It all comes down to this: How do you like your Ivanhoe?
Old school Hollywood, and full of romance? Then the 1952 version starring Robert Taylor and Elizabeth Taylor may be just the ticket. Most realistic and closest to the original 1819 novel by Sir Walter Scott? Then the five-hour 1997 BBC mini-series might be your thing. Classic TV? Then you gotta love Roger Moore in the 1958 series.
So where does this 1982 made-for-TV movie fit in?
Good question. And I think it depends on your mindset as you watch. If you notice that the costumes seem fresh off the rack of a theatrical wardrobe with nary a smudge or thread askew, or if you observe that these 12th-century hairdos vary from a slicked-back and parted in the middle '30s look to a layered '70s dry cut, or that the various crowns seem to be made of spray-painted tin, then you might see too many "made-for-TV" signs to keep you from truly getting into the film. Other symptoms, for those who may suffer from this dis-ease, include a gaping mouth when seeing "Jurassic Park"'s Sam Neill as an evil knight, or noticing that the cinematography has that TV look except for a few impressive long shots.
But for a TV movie, it's actually pretty good. Fans of medieval swashbucklers will be entertained by this film, which features Anthony Andrews as young and dashing Wilfred of Ivanhoe, who returns home a "disinherited knight" because he followed King Richard (Julian Glover) to the Crusades and left his homeland unprotected so that the usurper, Prince John (Ronald Pickup) could impose Norman law upon the people. He wants to reclaim his title, regain the respect of his father, and earn the hand of Lady Rowena. But, of course, he discovers that Prince John has usurped the throne, and instead has to first try to fight the conspiracy to unseat his beloved Richard.
The film gets off to a fast-enough start, with Ivanhoe dressed as a pilgrim and saving the Jewish merchant Isaac of York (James Mason) from a raiding band of Norman soldiers. In return, Isaac gives him money to outfit himself with horse and armor in order to compete the next day in the tournament. As it's been in events ranging from "Ben-Hur" to the 1936 Olympics in Berlin, the contest is a matter of ethnic pride. Three Norman knights (John Rhys-Davies, Sam Neill, Stuart Wilson) have challenged all comers, and no Saxon has been able to beat them. But just when the king is ready to call it a day, along comes Ivanhoe in disguise as Desdichado, "the disinherited knight."
The tournament scenes are well done, and the dialogue and level of acting is better than most made-for-TV movies, with several exceptions. Actors like Glover and David Robb (Robin Hood) who have the burden of playing legendary figures don't distinguish themselves enough from the other characters, and Olivia Hussey's character as Rebecca the Jew comes across as a more powerful and memorable character than the Lady Rowena character (played by Lysette Anthony) who's supposed to be the dominant female. Then there's Rhys-Davies' ham-on-wry performance. Would that they all had the presence of Ronald Pickup, who, in animal robes, makes a fine Prince John with just the right mix of charisma and evil.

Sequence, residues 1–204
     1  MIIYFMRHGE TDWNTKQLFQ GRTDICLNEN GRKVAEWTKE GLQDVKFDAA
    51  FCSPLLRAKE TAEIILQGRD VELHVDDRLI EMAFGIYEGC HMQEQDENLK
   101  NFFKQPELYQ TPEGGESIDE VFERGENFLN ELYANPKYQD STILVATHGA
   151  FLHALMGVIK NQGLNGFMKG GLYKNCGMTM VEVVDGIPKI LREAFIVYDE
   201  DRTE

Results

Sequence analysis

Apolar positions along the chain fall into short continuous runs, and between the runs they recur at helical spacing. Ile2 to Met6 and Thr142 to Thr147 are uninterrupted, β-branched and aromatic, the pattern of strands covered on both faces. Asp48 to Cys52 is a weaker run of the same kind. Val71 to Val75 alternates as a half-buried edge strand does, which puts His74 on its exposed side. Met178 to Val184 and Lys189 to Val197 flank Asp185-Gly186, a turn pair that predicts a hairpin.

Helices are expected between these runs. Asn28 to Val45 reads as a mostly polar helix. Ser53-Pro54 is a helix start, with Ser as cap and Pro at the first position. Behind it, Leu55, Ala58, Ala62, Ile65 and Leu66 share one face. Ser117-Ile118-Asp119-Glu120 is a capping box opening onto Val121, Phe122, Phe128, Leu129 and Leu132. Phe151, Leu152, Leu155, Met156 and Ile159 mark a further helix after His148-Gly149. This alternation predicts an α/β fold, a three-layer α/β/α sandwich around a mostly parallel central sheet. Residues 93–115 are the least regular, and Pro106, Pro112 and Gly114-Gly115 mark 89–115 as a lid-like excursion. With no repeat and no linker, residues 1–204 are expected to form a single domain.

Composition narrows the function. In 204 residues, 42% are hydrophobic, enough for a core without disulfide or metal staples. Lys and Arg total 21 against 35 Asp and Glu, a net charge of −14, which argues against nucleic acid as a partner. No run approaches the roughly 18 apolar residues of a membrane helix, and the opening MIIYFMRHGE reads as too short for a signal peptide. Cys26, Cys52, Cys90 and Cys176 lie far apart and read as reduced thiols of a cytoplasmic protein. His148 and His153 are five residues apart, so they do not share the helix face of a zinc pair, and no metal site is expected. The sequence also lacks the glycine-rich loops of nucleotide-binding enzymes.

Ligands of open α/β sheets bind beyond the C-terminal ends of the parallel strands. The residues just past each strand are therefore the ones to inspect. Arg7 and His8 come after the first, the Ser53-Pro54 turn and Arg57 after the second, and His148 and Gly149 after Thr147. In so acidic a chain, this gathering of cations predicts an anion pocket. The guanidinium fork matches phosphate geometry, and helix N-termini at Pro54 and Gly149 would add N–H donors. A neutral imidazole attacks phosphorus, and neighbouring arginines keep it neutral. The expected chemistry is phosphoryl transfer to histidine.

Director Douglas Camfield ("Dr. Who") does a good a job of handling the intrigue as he does the action, and this version of "Ivanhoe" moves along at a brisker pace than the 1952 film. He doesn't linger too long in the "talk" zone, and for that partial credit goes to screenwriter John Gay, who's made a nice living adapting literary classics for television. Yet, while Allyn Ferguson's underscore was nominated for an Emmy, it's the music that adds an exclamation point to those cheesy moments of melodrama that are bound to pop up in almost any made-for-TV movie. But as I said, overall this is an engaging version of "Ivanhoe" that follows the book in most all the basics--including Ivanhoe's wounding, which pretty much takes him out of the action for the third act and leaves Richard as "The Black Knight" to set things right. Same with the novel's complexities, which leaves a number of the character's motivations and feelings in question and draws attention to a number of period social issues. Filmed in England, "Ivanhoe" features some gorgeous local scenery and some real castles--including Alnwick, in Northumberland. And at 142 minutes, it feels epic.
So if you like your "Ivanhoe" full of color and romance and don't mind a little cheesiness with the action, this version delivers some pretty good entertainment. It's not rated, but there's nothing here that the whole family can't watch.
Production values are good for "Ivanhoe," though it would have been nice to see this one in widescreen rather than the 1.33:1 aspect ratio it was filmed in. Sometimes the frames can feel a little tight and confined, but the colors are bold and bright, black levels are strong, and there's hardly any grain for a DVD.
The audio is an English (with closed captions) Dolby Digital of unspecified nature, though it would appear to be a 2.0 mono distributed evenly across the speakers. For a no-frills track it does the job, bringing the clashes of lance and shield to vivid audio life and offering clear and precise dialogue throughout.
There are no bonus features.
Despite its flaws, this 1982 TV movie offers an enjoyable version of the Sir Walter Scott romance.